Standing at the West end of Chicago’s Brookfield Zoo is a lone statue often overlooked by the two million guests who visit the park each year. Back in the early ‘70s when I first saw it, just about every dinosaur depicted was either T-Rex, Triceratops, Stegosaurus, or the long-necked Brontosaurus (later changed to “Apatosaurus” before regaining its legitimacy). The zoo’s dinosaur, however, was none of these but rather an obscure duck-billed variety called (at that time) a Trachodon. Despite what I’d seen in books and cartoons, this replica gave me something that I’d never had before; a true sense of scale. For the first time I could look up and appreciate the actual size of these prehistoric monsters and, over forty years later, I’m fortunate to still be able to see it at the zoo today. Only recently would I gain a true appreciation for the treasure that it is.
The Trachodon, later identified as an Anatosaurus and nicknamed “Archie” at the zoo, was actually one of nine dinosaurs created by the Sinclair Oil Company back in the early ’60s. These full-sized renderings were designed by the world-renowned wildlife sculptor, Louis Paul Jonas, who was known for his detailed animal replicas displayed at several museums. His most notable work was a group of African Elephants created for the American Museum of Natural History in New York. In his later years, Jonas would finally settle in Hudson, NY where he’d head his own creative studio.
The Sinclair Oil Company (already using a dinosaur as their mascot) hired Jonas to design a group of dinosaurs for display at the 1964 World’s Fair in New York. It would take a team of paleontologists, engineers, and robotic experts three years to prepare them for the 125-mile boat ride down the Hudson River to the event’s coveted “Dinosaur Pavilion.”
It’s been estimated that over ten million people visited the Pavilion; enthralled by the life-sized, moving dinosaurs. Yes, originally these dinosaurs were animatronic though they’d later have their robotics removed when the Fair ended. Accompanying the dinosaurs was yet another mechanical innovation called Mold-a-Rama. For fifty cents guests could purchase a collectible right before their eyes via big, blue machines that formed small plastic pellets into replicas of the animals on display. There were seven dinosaur Mold-a-Rama machines at the fair, including one for the Trachodon; ironic considering it now resides at a place known for having their own Mold-a-Rama machines. Even before Archie’s arrival, Brookfield Zoo has featured Mold-a-Rama and is one of a handful of zoos in the country that still does. Thanks to eBay, I was able to purchase a few, including our local duckbill and also one of the actual programs for ‘Dinoland.”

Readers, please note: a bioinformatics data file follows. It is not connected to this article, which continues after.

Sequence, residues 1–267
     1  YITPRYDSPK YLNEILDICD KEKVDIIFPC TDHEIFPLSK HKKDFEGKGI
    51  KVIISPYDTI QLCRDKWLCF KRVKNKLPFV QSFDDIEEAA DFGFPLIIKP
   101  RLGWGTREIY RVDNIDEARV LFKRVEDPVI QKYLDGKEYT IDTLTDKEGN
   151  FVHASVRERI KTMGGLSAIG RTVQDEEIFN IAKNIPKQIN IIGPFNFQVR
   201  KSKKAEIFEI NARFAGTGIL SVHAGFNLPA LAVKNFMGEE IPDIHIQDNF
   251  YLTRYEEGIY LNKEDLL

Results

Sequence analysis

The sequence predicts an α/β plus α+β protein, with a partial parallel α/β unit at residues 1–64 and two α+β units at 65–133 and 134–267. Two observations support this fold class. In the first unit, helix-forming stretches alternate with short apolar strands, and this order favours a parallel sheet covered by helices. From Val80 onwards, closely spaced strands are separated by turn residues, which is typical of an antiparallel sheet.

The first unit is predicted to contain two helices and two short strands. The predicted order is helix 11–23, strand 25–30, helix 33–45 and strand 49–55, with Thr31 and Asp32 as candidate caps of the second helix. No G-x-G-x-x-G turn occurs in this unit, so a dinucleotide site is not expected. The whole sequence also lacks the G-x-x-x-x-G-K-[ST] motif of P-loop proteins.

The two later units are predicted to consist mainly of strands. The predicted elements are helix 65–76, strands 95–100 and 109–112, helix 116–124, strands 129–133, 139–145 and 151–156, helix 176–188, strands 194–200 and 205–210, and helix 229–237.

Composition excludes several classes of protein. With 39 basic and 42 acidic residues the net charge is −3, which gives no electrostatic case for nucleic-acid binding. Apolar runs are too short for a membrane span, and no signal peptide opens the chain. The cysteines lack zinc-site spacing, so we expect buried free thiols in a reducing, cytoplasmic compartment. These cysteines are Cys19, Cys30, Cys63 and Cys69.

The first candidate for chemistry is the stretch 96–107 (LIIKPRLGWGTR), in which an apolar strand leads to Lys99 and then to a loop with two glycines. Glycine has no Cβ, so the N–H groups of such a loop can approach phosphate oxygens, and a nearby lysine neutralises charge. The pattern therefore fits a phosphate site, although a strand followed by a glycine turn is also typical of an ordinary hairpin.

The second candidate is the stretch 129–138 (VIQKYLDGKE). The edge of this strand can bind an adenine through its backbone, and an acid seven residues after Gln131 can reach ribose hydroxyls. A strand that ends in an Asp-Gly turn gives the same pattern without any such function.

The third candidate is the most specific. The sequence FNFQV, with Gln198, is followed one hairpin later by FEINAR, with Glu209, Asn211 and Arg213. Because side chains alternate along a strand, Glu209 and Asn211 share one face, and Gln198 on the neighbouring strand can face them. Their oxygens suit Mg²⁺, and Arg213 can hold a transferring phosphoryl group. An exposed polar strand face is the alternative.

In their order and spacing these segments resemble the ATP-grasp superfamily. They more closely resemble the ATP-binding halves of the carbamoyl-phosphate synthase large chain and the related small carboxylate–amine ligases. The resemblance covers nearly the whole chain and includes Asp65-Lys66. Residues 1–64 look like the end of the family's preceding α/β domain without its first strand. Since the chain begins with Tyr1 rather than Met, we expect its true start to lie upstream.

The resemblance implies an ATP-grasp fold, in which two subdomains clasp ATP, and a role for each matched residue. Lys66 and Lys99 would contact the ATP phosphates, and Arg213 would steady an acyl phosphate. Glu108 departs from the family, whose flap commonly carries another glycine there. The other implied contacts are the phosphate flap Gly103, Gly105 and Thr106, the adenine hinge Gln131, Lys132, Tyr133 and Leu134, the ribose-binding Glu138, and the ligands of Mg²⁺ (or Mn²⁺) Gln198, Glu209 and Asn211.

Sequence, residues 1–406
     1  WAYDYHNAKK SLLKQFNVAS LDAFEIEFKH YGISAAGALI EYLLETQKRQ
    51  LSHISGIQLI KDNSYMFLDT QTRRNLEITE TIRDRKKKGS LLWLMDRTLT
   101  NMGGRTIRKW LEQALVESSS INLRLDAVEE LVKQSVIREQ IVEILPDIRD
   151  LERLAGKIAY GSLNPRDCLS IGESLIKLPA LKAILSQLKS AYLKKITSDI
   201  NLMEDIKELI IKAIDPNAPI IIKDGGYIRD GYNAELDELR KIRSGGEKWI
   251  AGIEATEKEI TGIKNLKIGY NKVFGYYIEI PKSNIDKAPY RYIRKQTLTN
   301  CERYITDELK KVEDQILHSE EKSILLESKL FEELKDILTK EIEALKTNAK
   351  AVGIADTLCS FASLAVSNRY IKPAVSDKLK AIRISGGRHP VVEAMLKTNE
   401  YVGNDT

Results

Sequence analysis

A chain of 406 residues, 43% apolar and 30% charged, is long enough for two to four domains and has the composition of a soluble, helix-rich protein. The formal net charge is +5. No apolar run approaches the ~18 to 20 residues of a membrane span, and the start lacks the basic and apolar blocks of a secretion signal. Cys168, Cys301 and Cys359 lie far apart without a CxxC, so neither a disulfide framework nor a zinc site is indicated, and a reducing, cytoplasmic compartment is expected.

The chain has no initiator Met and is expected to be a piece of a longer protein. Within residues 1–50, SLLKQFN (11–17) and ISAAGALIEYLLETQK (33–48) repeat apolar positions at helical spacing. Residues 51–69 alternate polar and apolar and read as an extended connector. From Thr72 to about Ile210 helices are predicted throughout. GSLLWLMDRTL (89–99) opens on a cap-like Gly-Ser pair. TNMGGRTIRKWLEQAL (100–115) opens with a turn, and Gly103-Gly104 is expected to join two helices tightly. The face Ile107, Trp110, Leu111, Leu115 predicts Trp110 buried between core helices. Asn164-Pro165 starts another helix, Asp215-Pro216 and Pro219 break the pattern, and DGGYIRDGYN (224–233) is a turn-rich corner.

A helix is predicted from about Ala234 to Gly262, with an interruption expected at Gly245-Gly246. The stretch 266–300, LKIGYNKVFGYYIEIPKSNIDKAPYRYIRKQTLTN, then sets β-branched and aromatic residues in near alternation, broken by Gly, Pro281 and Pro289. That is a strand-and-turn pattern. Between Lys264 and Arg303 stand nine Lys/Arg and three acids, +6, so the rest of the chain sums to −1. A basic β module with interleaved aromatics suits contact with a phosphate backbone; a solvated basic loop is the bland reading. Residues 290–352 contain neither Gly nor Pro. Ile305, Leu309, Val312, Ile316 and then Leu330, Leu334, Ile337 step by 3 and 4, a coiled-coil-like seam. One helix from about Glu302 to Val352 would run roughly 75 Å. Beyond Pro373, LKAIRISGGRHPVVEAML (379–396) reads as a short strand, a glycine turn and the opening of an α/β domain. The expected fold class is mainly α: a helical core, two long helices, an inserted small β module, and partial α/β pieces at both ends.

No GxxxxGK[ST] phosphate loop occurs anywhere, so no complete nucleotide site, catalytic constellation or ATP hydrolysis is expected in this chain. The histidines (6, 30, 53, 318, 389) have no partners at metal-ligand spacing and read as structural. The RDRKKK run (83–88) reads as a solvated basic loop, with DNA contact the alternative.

When the fair ended, Sinclair offered all the dinosaurs to the National Smithsonian Museum who, shockingly, declined them. As a result, the dinosaurs would end up scattered throughout the United States with seven of them still accounted for and two missing (one of which, the six-foot tall Ornitholestes, having been stolen). It’s been a goal of mine to try and track down as many of these that I can but my first attempt proved a misfire. In 2015 I searched in vain to find the Triceratops that (according to Roadside America) was in some industrial park in Louisville, Kentucky. Then, this past November, I hit pay dirt in Glen Rose, Texas at the Dinosaur Valley State Park.
The Park offers visitors hiking trails with actual dinosaur tracks scattered throughout. On the morning I arrived it had rained the previous night and the tracks had been submerged. The only ones I’d end up seeing this day were featured at the “Welcome” center when I drove in.
I arrived an hour before the Park opened but, after explaining to the Ranger that my objective was to simply photograph the dinosaur statues, he gave me permission to enter and take as many pictures as I’d like. As soon as I got a clear look at them I could immediately tell they’d been well cared for and could hardly believe they were over fifty years old!
I’ve heard some alterations were made to the long-neck as it had originally been created to be a Brontosaurus; a species later debunked in favor of Apatosaurus. I’m not sure what, if any, changes those may have been but current science suggests they could have probably just left things as is since the “Thunder Lizard” is now back in the dinosaur lexicon.
While the T-Rex was standing in a pose (upright with tail dragging) that has long been outdated, he was still pretty amazing!
After I’d photographed both dinosaurs at every possible angle, I went into the Welcome center to read up on the park itself. Though the tracks had been discovered well over a hundred years ago, Dinosaur Valley State Park didn’t open until 1972; two years after their Sinclair dinosaurs arrived.